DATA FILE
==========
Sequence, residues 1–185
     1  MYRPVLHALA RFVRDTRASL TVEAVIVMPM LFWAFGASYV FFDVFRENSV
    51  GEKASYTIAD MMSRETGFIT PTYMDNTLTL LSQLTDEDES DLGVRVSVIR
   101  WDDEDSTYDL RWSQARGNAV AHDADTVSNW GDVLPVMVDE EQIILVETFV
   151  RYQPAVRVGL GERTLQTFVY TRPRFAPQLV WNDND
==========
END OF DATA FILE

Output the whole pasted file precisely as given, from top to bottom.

Sequence, residues 1–185
     1  MYRPVLHALA RFVRDTRASL TVEAVIVMPM LFWAFGASYV FFDVFRENSV
    51  GEKASYTIAD MMSRETGFIT PTYMDNTLTL LSQLTDEDES DLGVRVSVIR
   101  WDDEDSTYDL RWSQARGNAV AHDADTVSNW GDVLPVMVDE EQIILVETFV
   151  RYQPAVRVGL GERTLQTFVY TRPRFAPQLV WNDND